‘Bodkin Conquers Mr Phelim O’Grady’ (17 August, 1861)

The following is one of the many epistles of Tammas Bodkin, the character used by editor William D. Latto to speak frankly (and amusingly) on current affairs. Latto became editor of the people’s journal in December 1860 and used the platform to launch Tammas, bringing himself a fair amount of fame in Victorian Scotland.

Maister Editor,—I’m onything but pleased wi’ this hoose o’ mine. In the first place, I dinna think it’s a’thegither respectable to live up three stairs in the garret department o’ a biggin’, hooever aristocratic the neeborhood may be, but especially when it happens, as it oonfortunately does in this instance, that the land is the chosen abode o’ twa itinerant rag merchants, wha carry on their business on the flat next below, an’ o’ anither twa ragamuffin-lookin’ Irishers in the grund flat, wha earn a livelihood by perambulatin’ the streets wi’ barrows, sellin’ dulse an’ tangle, partans, an’ fresh herrin’. Had I been duly adverteesed o’ thae cattle afore takin’ the hoose, it’s mair than probable that I wad either hae tane langer time to wale aboot, or I wad hae made freends wi’ the bugs, an’ stayed in ther society at least till the next term. In the next place, we are sae near the tiles that the heat is like to roast Tibie an’ me alive. It’s an oonspeakable merciment that neither o’ us is very fat, else I sanna attempt to predict what the upshot micht hae been. Probably we wad hae been rindit doon to the condition o’ kitchen-fee lang ere the dog-days were weel begun. Frae mornn’ to nicht I’m in a perfect muck o’ sweat, especially when I’m hangin’ ower the het guse. Then the moisture hails doon my nose like dew upon the tender herb. Tibbie is no ae whit better than I am—rather waur; for what atween heating the guse an’ makin’ the kale, she behooves aye to keep on a roarin’ fire i’ the kitchen that wad roast an ox.

Noo, dinna let onybody rin awa’ wi’ the notion that, because I hae named Irishers an’ rag merchants amang my neebors, I despise them either for their occupation or their nationality. Naething o’ the kind. A decent, guid-livin’ Irishman, or a douce, God-fearin’ vendor o’ worn-out dish-clouts an’ auld breeks may be as guid a neebor as a Scotsman, or as a manufacturer o’ spleet new breeks, such as I am. But what scunners me at the clamjamphrie in the flats below is the fact that their e’e-holes are nae sooner open i’ the mornin’ than they are quarrelin’ and fechtin’ like tykes an’ swine; an’ they are nae sooner hame at nicht wi’ the fruits o’ their day’s hagglin’ ower auld stockin’ feet an’ bawbees’ worths o’ dulse an’ tangle, than there is a send oot for whisky, an’ a repetition o’ the mornin’s snarlin’, cursin’, an’ maulin’ ane anither. Continue reading “‘Bodkin Conquers Mr Phelim O’Grady’ (17 August, 1861)”

‘Bodkin on the Boards’ (3 August, 1861)

“I’m weel aware that they are unco misleared vaigs, thae reporters, an’ wreat a great deal mair o’ the truth at times than it is for the comfort o’ some folks’ stammacks that the warld sid ken aboot. It was a far better warld afore the airt o’ takin’ shorthand notes was heard tell o’. Then folk that couldna speak sense could speak as muckle nonsense as they had a mind to, withoot the danger o’ ha’en their nonsense printit for the amusement o’ the present generation, an’ the astonishment o’ posterity.”

The following is one of the many epistles of Tammas Bodkin, the character used by editor William D. Latto to speak frankly (and amusingly) on current affairs. Latto became editor of the people’s journal in December 1860 and used the platform to launch Tammas, bringing himself a fair amount of fame in Victorian Scotland. Here, Tammas continues his attack on the Parish board’s legislation in regards to the collection of poor rates. See 23 March 61.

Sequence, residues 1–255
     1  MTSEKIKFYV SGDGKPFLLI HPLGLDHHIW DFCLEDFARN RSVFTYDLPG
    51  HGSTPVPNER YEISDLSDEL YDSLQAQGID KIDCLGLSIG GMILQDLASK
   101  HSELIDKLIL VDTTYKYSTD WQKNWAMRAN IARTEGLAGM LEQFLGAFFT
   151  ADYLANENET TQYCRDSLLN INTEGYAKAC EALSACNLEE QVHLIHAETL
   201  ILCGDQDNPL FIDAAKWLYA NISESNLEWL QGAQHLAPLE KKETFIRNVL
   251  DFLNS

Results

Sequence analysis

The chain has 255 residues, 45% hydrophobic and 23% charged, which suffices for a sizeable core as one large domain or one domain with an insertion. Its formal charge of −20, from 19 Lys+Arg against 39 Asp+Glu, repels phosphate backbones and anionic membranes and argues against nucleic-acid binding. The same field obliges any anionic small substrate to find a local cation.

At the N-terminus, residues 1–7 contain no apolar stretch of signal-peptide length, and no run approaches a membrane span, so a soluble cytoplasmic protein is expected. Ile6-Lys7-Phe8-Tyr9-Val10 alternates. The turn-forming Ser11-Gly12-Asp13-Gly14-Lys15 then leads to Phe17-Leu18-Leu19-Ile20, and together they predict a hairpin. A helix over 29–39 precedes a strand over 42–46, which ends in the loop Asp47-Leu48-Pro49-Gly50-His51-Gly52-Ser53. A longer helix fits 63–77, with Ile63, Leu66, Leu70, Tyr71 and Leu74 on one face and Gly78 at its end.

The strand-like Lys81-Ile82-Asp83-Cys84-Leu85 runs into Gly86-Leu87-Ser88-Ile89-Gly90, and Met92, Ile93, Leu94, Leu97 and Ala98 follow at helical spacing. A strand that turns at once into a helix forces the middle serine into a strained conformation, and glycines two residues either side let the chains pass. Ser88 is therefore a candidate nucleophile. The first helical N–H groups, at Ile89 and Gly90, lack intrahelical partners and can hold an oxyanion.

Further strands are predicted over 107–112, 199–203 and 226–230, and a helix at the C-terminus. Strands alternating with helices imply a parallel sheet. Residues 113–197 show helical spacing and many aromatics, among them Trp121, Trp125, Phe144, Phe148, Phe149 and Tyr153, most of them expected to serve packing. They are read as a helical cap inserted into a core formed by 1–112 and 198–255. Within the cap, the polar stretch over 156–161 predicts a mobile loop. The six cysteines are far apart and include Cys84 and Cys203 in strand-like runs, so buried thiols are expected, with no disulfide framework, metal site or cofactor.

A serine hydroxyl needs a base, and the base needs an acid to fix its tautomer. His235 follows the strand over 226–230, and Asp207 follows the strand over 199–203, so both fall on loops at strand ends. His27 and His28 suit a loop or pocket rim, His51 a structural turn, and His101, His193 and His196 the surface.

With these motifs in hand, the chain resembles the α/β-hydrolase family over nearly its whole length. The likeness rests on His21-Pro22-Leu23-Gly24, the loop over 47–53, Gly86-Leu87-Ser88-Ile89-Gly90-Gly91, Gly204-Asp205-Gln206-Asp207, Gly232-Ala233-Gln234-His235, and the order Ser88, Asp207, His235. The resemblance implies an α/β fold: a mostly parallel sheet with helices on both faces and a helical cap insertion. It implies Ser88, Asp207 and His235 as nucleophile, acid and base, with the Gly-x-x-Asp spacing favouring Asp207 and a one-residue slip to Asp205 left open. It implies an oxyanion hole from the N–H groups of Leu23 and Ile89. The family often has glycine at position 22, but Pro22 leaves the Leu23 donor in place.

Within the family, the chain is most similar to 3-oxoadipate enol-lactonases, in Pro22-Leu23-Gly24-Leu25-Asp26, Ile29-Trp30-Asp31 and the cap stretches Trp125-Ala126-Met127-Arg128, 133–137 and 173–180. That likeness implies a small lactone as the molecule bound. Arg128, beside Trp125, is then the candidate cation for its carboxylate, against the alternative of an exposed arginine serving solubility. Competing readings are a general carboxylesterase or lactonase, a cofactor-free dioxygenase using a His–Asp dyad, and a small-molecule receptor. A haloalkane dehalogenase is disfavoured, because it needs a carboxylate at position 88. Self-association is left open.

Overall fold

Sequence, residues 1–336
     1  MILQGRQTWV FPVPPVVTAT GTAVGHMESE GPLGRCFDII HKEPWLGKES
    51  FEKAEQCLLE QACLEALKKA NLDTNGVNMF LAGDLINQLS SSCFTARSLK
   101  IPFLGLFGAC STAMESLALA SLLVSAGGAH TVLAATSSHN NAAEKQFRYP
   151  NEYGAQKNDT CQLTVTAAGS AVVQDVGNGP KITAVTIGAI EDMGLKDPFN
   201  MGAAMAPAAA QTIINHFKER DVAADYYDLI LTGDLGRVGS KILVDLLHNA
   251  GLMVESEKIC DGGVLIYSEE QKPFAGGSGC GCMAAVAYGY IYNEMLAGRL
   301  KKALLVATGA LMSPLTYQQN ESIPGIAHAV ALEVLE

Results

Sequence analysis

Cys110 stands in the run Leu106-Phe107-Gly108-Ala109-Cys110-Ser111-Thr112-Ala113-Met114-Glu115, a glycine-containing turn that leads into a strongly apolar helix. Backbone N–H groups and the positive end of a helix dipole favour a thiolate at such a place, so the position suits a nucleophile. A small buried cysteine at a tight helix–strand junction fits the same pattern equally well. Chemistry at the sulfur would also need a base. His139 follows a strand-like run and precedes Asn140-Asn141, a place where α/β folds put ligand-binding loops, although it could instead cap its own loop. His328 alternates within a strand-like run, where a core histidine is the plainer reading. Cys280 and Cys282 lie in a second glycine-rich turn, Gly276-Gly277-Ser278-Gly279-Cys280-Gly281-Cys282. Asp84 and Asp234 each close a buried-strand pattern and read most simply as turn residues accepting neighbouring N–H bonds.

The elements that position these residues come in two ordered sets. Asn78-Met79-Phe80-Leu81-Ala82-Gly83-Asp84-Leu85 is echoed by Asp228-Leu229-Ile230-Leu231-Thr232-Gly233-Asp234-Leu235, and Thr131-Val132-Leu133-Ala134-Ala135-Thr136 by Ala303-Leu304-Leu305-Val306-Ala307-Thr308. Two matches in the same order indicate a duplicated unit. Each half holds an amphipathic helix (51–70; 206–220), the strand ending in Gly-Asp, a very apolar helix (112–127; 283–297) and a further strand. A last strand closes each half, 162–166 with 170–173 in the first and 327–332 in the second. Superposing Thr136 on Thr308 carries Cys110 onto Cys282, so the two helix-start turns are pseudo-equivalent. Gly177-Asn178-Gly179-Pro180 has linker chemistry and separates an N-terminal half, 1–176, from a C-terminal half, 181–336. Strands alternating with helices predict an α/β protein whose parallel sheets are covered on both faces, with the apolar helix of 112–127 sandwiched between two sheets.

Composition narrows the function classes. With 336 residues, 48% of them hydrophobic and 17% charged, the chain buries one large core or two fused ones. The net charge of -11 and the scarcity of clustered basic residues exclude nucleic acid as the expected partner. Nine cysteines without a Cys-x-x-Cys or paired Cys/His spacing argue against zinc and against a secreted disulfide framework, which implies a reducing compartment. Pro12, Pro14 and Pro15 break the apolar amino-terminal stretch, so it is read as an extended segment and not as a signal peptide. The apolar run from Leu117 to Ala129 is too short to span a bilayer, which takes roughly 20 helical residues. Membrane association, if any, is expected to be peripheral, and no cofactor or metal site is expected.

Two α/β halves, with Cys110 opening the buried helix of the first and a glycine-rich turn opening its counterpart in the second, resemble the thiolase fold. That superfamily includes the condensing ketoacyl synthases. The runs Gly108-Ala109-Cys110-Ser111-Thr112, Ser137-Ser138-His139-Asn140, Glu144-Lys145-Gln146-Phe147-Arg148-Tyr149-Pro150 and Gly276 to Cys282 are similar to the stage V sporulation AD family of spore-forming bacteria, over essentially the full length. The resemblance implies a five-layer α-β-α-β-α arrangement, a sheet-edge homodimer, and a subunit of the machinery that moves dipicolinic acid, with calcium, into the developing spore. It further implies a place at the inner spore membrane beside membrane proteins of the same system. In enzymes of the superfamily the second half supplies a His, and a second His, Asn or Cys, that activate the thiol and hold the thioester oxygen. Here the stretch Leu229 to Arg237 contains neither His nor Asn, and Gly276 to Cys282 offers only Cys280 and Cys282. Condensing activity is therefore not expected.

Maister Editor,—We’ve twa Parochial Boards in Dundee, or at least conneckit wi’ Dundee. We’ve the Liff an’ Benvie Board, and we’ve the Dundee Board. In baith o’ thae sapient conclaves, there is what I may ca’ a clerical element. The Liff an’ Benvie Board includes the Rev. Mr M’Lean—wha is the only member that sits an’ votes therein by virtue o’ his office, an’ by the authority an’ ordination o’ an Act o’ Parliament. So he tane care to inform his fellow-Boarders the ither day. In the Dundee Board there is also a clerical blade, in whose eyes the title “reverend” is despised, an’ wha is therefore just plain Saunders Easson. Saunders disna claim to be the only member o’ Dundee Board by Act o’ Parliament but he claims to hae far mair wit an’ wisdom aboot him wi’ regaird to the interpretation o’ Parliamentary Scripture than ony o’ his Parochial brethren. I’ve been takin’ a note o’ the ongaens o’ thae twa clericals matters, an’ though I’ve said naething, I haena been withoot my ain thochts. I’ve thocht, for instance, that it’s an unco queer phenomenon that men wha stand up i’ the poopit on the Sabbath-day an’ exhort their hearers to render obedience to the pooers that be, an’ to be chartable to the puir an’ needy, an’ sae furth, sid get up i’ the Parochial Board on a week day, an’ propose to set an Act o’ Parliament at defiance, for the purpose o’ haudin’ the noses o’ the puir an’ needy at the grundinstane a little langer. For decency’s sake, folk sid aye let their conduct be as closely conformable to their profession as possible. It’s no by folk’s sayins that they should be judged, but by their doins. When the twa things agree thegither it’s a sicht most beautiful to behold, but when practice fa’s oot wi’ principle, an’ the twa come to loggerheads, t’s a sicht that does violence to a’ my ideas o’ propriety an’ decency, an’ is like to gar me tyne a’ faith in the uprichtness o’ the human species. Continue reading “‘Bodkin on the Boards’ (3 August, 1861)”